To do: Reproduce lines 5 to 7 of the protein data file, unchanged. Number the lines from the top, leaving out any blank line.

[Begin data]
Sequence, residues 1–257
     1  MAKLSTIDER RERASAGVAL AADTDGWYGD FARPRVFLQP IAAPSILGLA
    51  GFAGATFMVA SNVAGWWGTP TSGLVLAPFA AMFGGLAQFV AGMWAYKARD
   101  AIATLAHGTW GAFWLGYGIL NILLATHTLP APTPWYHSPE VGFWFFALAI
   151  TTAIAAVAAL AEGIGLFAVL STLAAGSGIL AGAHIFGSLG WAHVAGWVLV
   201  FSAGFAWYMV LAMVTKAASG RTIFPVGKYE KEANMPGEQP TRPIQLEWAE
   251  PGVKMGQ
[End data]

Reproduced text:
   151  TTAIAAVAAL AEGIGLFAVL STLAAGSGIL AGAHIFGSLG WAHVAGWVLV
   201  FSAGFAWYMV LAMVTKAASG RTIFPVGKYE KEANMPGEQP TRPIQLEWAE
   251  PGVKMGQ